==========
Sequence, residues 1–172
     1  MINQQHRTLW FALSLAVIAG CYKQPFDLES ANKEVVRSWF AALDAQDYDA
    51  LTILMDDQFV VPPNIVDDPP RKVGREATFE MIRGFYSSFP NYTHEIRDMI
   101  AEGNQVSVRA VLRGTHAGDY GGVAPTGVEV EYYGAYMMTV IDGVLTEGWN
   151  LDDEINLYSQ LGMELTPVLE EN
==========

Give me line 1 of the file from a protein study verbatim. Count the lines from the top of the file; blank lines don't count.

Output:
Sequence, residues 1–172